Sign up now to receive our regular news briefs.

Cry for Argentina

March 4, 2013 3:27 pm 0 comments

A banner commemorating the bombings of the Israeli Embassy in Buenos Aires and the bombing of the AMIA Jewish community center, in an urban square dedicated to peace in Rosario, Argentina. Photo: Pablo D. Flores via Wikimedia Commons.

Argentina has just approved a memorandum of understanding with Iran to jointly investigate the 1994 terrorist bombing of the AMIA, or Jewish federation, building in Buenos Aires. The blast killed 85 people and wounded 300.

There’s only one problem with the agreement — it’s alleged that the current Iranian regime, plus its proxy, Hezbollah, was responsible for the attack. That’s not speculation, but the conclusion, reached years ago, by the Argentine government!

To further underscore the absurdity of this initiative, one of the individuals named by Argentina in the AMIA case — and, since 2007, the target of an INTERPOL “red notice,” meaning Argentina seeks his arrest and extradition — is, in fact, the current Iranian minister of defense. Is Iran about to hand him over to Argentina as a defendant in any trial? Yeah, right!

This whole episode would make for gut-splitting political satire were the stakes not so high.

After all, what took place in 1994 was the single deadliest terrorist assault in Latin America, and it followed on the heels of an earlier attack on the Israeli embassy in Buenos Aires that killed 29 people.

For years, I heard with my own ears one Argentine government after another promising to get to the bottom of the case, but, fueled by heavy doses of incompetence, hesitation, and corruption, no investigation ever got very far.

Meanwhile, families of the victims struggled to come to grips with the absence of justice, while many feared a third attack on a country that just couldn’t quite summon the resolve to pursue the perpetrators.

But then things began to change.

President Néstor Kirchner, the current leader’s late husband, came to the 2004 AJC Global Forum in Washington. He said, for the world to hear, that the unresolved investigation was a “national disgrace” and justice would no longer be delayed.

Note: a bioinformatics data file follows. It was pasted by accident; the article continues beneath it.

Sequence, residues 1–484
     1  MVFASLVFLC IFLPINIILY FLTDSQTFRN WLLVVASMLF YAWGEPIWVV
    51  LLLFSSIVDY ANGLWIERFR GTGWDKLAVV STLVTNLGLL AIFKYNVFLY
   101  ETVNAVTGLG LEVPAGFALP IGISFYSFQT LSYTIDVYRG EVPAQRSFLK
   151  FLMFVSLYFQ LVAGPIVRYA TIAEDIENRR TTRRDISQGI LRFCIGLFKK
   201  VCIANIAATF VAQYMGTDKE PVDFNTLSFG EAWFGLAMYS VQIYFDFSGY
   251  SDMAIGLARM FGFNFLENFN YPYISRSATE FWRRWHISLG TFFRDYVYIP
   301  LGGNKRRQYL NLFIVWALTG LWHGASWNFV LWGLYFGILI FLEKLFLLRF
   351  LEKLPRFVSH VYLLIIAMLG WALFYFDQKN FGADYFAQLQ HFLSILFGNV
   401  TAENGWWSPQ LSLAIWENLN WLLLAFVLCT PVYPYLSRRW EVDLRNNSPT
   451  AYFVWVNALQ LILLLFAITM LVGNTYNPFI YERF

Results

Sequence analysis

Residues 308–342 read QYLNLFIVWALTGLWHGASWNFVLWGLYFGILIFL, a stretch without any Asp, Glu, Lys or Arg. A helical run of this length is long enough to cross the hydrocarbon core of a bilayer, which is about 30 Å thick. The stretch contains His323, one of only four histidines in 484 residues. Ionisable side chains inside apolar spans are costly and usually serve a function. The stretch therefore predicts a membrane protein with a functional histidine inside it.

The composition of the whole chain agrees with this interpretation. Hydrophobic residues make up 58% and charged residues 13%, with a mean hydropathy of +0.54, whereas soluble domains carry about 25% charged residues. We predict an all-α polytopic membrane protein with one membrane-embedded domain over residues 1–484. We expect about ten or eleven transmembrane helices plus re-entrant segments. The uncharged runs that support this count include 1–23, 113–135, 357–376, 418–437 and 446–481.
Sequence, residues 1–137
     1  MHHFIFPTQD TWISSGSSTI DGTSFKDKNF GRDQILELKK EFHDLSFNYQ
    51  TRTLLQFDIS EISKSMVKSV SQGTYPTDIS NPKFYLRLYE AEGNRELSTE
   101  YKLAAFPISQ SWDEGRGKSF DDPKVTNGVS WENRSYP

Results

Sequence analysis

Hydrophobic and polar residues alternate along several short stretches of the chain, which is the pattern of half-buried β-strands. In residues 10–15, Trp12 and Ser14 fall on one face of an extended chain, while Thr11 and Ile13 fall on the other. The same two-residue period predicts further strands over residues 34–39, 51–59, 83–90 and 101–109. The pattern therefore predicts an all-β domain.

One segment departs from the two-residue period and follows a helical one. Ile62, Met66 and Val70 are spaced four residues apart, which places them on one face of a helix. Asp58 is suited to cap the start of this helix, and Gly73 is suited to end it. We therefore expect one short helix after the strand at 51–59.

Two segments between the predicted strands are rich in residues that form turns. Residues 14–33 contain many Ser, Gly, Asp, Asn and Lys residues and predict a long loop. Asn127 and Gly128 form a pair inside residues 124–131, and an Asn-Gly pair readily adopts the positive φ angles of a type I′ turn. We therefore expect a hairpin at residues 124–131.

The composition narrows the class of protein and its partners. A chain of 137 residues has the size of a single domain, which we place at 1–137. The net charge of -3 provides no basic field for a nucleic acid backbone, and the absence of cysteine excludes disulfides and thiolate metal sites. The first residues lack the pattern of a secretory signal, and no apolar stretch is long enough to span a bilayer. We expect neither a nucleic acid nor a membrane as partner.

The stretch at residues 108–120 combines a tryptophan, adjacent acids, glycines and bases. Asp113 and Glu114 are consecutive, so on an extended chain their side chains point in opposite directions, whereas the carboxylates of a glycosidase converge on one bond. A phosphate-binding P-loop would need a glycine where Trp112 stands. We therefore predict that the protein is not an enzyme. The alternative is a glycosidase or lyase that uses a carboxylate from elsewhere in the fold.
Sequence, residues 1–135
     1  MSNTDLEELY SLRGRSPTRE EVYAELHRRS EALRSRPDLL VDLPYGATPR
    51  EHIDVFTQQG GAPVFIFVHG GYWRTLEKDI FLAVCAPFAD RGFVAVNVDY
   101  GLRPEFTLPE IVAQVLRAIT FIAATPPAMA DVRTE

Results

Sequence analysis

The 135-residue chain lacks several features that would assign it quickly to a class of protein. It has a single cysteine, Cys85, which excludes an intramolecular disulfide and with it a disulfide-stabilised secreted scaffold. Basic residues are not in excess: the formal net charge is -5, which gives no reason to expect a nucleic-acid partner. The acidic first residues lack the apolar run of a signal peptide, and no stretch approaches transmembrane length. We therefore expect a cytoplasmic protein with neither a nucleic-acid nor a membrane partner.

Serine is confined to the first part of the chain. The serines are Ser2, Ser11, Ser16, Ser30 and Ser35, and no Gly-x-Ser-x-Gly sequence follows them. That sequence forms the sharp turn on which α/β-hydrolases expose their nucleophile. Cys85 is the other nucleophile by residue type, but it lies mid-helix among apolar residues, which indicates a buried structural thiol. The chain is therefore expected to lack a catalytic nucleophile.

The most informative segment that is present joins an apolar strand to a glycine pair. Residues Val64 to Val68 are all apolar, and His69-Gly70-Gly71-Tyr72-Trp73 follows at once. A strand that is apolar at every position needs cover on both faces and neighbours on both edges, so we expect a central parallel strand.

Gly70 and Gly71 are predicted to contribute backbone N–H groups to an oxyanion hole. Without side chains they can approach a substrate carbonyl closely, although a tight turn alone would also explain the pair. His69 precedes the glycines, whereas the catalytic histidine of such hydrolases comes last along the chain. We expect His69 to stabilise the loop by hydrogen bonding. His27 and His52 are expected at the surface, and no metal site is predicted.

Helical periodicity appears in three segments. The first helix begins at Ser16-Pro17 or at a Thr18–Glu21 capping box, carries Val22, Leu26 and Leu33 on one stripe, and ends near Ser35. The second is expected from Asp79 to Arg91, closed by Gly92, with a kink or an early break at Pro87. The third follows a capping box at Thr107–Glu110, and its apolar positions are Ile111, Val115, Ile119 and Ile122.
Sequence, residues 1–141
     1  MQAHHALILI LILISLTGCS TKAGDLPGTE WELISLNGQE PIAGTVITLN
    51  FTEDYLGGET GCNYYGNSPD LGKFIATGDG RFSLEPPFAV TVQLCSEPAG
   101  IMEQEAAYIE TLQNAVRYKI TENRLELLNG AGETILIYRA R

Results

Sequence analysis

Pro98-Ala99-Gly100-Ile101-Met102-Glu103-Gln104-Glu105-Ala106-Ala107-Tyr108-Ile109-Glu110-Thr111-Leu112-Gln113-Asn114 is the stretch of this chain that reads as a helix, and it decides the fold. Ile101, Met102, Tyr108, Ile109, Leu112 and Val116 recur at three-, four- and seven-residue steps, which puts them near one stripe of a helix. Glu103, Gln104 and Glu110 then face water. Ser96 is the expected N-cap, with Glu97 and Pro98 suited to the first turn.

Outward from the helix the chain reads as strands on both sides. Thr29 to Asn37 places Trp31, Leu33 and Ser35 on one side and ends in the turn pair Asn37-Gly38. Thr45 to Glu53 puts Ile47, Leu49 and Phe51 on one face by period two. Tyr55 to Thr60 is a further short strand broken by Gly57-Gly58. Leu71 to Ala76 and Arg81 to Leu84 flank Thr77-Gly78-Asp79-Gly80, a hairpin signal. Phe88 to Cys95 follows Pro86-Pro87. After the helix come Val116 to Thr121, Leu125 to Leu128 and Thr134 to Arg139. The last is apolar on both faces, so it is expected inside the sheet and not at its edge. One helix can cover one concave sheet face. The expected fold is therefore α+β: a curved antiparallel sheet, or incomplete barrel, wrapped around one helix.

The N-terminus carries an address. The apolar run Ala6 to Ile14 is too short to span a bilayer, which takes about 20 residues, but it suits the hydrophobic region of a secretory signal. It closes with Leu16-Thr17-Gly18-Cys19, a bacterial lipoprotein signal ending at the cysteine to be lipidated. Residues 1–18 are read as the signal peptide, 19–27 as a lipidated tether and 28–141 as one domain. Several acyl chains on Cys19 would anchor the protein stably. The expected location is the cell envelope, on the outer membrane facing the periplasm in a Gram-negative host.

A determined special prosecutor, Alberto Nisman, was appointed in 2005 and given the mandate to go wherever the evidence took him, be it the tri-border area with Brazil and Paraguay, the Bekaa Valley in Lebanon, Damascus, or Tehran.

And that resulted in a report that named five Iranians and one Hezbollah operative as linked to the attack, prompting a request for INTERPOL cooperation. Iran fought the move tooth-and-nail, using, above all, its time-tested diplomatic tools of bribery and blackmail. But at the showdown vote during the INTERPOL meeting in Marrakesh, Morocco, Argentina prevailed.

When Cristina Kirchner took office in December 2007, succeeding her husband, the momentum initially continued. She had previously spoken out strongly on the case as an Argentine senator, including at the AJC Global Forum in Washington months before her election. She noted the double indignity it had brought to her country — a deadly attack against Argentina and pitifully little to show from years of investigation.

So, why this new turn of events by the very same leader, aided by her foreign minister, Hector Timerman? Why are they so determined to proceed with the memorandum of understanding, even in the face of a torrent of criticism from within the country, including from many civic groups, media outlets, and political parties (the accord was narrowly endorsed in the Argentine Senate and Chamber of Deputies by votes of 39-31 and 131-113, respectively), and abroad?

However they choose to cloak it, the most likely answer appears to be a desire to “repair” bilateral relations with Iran. Finding a formula to bring “closure” to the AMIA case would “normalize” the link, in turn yielding tangible political and economic benefits to Argentina.

Otherwise, they fear, this issue could drag on for many more years, with Argentina continuing to cut itself off from an Iran hungry to break out of the isolation the U.S. and Europe are seeking to impose — and to which Buenos Aires temperamentally is not nearly as committed.

Also striking has been the Kirchner administration’s thin skin since the deal was first announced.

It has lashed out at its critics, even reportedly threatening to complicate life for AMIA if its leadership continues to protest the devilish deal with Iran.

But, after all, Argentina is a democracy, and those who disagree are exercising their right to speak out.

Moreover, AMIA’s current leaders, some of whom were in the building on that fateful day in 1994, are still grappling with the trauma of what occurred nearly 19 years ago. They have had to bury their colleagues and friends, console the survivors, and constantly worry about the state of security. If they cannot express themselves about this particular Argentine-Iranian accord without fear of intimidation or retaliation, then who exactly is entitled to do so?

Every friend of Argentina, of democracy, and of justice should stand with those Argentines, Jews and non-Jews alike, who oppose a shameful pact with Iran that, yes, has echoes of the naiveté, self-delusion, and appeasement of the past.

Today, I cry for you, Argentina.

This article was originally published by The Huffington Post and The Jerusalem Post.

Leave a Reply

Please note: comments may be published in the Algemeiner print edition. Comments written in all caps will be deleted.

Current day month ye@r *


  • Arts and Culture Features Opinion Playwrite Iddo Netanyahu: ‘Hitler Always Talked About Peace’ (INTERVIEW)